I think we should notice here that Jesus didn’t die for Christians. Jesus died for all who are separated from God (1 Tim. 2:4), which pretty much encompasses everybody then and now. Notice also that Jesus indicated the world would identify his followers through love, not by what was done or said (rituals and declarations).

Thoughtful Christians have always acknowledged it is impossible to know who is saved and who is damned because it is impossible to know the mind of God. It is entirely possible that someone who professes to be a Christian may not in fact be a follower of Christ by his definition, and it is just as likely that some who do not profess to be Christians are in fact followers of Christ by the commandment noted above: Christ-like love.

So then we come to the task of reconciling the assertion that one might be a follower of Christ without professing Christ with scripture which declares that it is only through the “name” of Christ that one can be saved. This requires some explanation. Most of us don’t know what Jesus’ “name,” in the sense of the language syllables that identified him, was. In Hebrew, it was ישוע which is pronounced “Yeshua.” The fact is that only a tiny fraction of Christians, when presented with the Hebrew script, would be able to either recognize or pronounce the name of Jesus. The name that comes to us in English is a translation of the Greek Ἰησοῦς, pronounced “Iesus.” So if we call upon the name of Jesus using the word “Jesus,” are we calling upon the actual name of Jesus? Do the syllables even matter when we name Jesus, or are we speaking about something deeper?

The Bible often uses the word “name” differently than we do. In the Bible a name is more than a label. It signifies character. This is why we see God beginning even in Genesis changing the “name” of those he interacted with when their character changed. In the Gospels Jesus changes the name of Simon to Cephas (Peter), because Peter (which comes from the Greek word for “stone”) is the stone upon which Jesus plans to build his Church. So we see that the fundamental character of the man changes from Simon the fisherman to Peter the fisher of men.

When we call upon the “name” of Jesus, we must be calling on more than a label. We must be calling on the character, the essence, the fundamental nature of Christ. And what is that? “God is love.” (1 John 4:8) Love as Christ’s love. So one who loves with Christ’s love is in the “name” of Christ. I think we can see that what Jesus has done here is to take salvation out of the realm of religion and placed it in the realm of action. Remember the Jews with whom Jesus contended and who ultimately had him executed were the most religious men in Israel. Christ’s salvation is not contingent on adherence to any theological dogma but rather on acting in the name of Christ: with self-sacrificial love.

When we consider what the Bible truly says in context, we see that certainty about who is saved and who is not must be tempered by our lack of knowledge of scripture in context (in other words, on failing hermeneutics) and by our inability to know the mind of God. The truth is that if we are to use the Bible as our only guide, the only people we know with certainty are in heaven are Jewish: Enoch, Abraham, Moses, Elijah, Jesus, and two thieves. All of them worshipped God in fundamentally different ways, and none of them (other than Jesus himself) professed the name “Jesus” in any language. We can learn to better understand the context of scripture but the mind of God remains alien to us. Rather than placing ourselves in judgment of our neighbors, we are far better off adopting the humility God calls for through his prophet Isaiah:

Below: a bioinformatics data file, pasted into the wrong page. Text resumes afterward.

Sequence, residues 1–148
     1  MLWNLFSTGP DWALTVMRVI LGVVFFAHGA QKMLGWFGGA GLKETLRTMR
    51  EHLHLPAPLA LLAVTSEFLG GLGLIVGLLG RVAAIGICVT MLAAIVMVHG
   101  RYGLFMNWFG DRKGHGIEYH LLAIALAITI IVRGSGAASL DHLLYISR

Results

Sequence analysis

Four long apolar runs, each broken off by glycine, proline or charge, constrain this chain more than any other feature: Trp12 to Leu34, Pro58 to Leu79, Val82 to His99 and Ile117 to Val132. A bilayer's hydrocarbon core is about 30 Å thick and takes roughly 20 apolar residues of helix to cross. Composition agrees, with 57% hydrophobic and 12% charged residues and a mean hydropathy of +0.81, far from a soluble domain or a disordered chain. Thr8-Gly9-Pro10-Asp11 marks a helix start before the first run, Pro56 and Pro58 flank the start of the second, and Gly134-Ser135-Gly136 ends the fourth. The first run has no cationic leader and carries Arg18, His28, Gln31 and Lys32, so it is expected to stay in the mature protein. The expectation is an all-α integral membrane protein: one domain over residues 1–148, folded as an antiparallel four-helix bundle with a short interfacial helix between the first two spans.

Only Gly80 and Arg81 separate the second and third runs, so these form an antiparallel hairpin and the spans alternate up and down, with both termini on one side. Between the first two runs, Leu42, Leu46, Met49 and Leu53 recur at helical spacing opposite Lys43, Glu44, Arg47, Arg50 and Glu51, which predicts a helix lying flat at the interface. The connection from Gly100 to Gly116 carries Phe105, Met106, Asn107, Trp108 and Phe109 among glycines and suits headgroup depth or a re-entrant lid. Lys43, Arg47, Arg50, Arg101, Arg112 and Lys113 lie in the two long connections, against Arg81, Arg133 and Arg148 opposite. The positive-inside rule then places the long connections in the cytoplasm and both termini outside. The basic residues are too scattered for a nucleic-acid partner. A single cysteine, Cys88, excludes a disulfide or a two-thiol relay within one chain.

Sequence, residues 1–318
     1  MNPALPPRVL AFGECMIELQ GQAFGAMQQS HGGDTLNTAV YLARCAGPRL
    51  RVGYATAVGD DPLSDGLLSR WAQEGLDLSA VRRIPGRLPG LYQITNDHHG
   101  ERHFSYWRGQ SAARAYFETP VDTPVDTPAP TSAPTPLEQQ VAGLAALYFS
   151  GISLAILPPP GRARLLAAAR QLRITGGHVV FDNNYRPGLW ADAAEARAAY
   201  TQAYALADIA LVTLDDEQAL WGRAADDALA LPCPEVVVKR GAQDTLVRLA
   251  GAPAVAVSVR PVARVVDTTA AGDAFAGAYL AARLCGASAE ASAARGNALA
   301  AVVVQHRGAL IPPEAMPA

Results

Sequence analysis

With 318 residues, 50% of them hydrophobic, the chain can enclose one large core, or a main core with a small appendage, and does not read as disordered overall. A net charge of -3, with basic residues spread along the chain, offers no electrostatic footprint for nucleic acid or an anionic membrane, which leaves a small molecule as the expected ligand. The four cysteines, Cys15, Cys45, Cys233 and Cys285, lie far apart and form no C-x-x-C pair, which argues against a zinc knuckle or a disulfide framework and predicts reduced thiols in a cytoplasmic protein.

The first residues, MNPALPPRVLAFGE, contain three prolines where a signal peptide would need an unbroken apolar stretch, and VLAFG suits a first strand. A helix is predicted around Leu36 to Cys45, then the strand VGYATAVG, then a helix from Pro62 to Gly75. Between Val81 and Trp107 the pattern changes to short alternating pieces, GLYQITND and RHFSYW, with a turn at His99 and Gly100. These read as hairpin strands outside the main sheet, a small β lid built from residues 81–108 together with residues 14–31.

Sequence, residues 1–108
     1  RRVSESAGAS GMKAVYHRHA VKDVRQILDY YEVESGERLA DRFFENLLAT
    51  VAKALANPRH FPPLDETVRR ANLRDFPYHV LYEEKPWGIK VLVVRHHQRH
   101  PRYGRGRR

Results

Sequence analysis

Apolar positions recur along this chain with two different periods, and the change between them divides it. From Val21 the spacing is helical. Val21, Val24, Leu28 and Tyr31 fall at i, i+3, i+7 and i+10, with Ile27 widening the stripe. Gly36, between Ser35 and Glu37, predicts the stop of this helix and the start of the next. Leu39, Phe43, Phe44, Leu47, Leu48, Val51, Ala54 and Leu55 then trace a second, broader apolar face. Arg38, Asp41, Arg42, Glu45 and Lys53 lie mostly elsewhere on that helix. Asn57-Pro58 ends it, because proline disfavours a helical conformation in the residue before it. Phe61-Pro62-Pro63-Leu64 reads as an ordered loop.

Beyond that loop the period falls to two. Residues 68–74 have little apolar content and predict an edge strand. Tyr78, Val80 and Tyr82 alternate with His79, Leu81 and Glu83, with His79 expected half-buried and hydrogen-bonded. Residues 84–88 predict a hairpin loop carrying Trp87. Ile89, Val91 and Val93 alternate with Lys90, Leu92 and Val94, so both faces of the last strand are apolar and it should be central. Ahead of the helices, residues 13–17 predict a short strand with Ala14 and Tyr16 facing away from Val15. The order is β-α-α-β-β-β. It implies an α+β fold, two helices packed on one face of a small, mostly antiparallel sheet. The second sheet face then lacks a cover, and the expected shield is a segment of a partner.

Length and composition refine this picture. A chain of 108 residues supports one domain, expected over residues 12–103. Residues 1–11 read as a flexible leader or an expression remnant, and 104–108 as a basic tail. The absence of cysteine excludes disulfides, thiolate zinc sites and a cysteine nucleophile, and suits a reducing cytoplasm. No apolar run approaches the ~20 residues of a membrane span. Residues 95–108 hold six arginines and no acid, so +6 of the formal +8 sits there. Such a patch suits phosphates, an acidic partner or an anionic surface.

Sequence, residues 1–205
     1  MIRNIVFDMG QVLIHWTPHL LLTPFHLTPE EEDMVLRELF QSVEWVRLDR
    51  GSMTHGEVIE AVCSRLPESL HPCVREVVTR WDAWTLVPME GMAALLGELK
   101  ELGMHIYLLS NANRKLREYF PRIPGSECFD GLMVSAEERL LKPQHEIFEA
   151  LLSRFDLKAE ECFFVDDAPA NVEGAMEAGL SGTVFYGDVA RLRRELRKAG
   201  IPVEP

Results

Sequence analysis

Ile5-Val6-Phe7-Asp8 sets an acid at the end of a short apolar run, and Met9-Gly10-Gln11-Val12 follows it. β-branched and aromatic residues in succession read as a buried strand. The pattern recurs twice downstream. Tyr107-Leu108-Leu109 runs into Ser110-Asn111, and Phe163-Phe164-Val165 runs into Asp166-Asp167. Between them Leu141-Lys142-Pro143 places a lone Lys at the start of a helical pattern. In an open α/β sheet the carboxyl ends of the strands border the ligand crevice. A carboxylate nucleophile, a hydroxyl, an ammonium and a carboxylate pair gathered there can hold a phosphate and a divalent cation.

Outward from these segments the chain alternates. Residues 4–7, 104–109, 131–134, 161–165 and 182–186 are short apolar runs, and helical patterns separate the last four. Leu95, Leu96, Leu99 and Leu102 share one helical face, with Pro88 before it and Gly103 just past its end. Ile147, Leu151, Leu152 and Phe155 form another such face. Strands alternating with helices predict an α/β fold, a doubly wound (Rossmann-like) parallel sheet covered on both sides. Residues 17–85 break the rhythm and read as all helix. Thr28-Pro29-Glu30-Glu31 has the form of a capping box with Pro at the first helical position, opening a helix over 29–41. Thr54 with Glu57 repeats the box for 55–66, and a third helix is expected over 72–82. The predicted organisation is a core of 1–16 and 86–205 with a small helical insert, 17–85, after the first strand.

Seek the Lord while he may be found,

call upon him while he is near.

Let the wicked forsake their way,

and sinners their thoughts;

Let them turn to the Lord to find mercy;

to our God, who is generous in forgiving.

For my thoughts are not your thoughts,

nor are your ways my ways—oracle of the Lord.

For as the heavens are higher than the earth,

so are my ways higher than your ways,

my thoughts higher than your thoughts.  (Is. 55:6-9 NABRE)


Lifting the worship of God out of sectarianism renders moot the question of whether Christians and Muslims worship the same God. As Christians, following our own scriptures, we must acknowledge that this is a question we are not equipped to answer. What we know is that we are called to love as Christ loves. That is what determines whether our actions are in tune with the will of God.

Make America Great?

December 17th, 2015 No comments

For those of you who get aroused listening to The Donald foam at the mouth about how he’s going to “Make America Great” again by keeping out Mexicans and Muslims, here’s a critical thinking challenge for you. Listen to this speech, being careful to listen only to what the man says, then comment about what you disagree with in the speech. I don’t mean that Obama’s father was a communist nazi Muslim from Kenya and his mother a five tentacled alien from Venus. Just the contents of this speech. Then compare with Trump’s bigotry and tell me which one knows about what makes America great.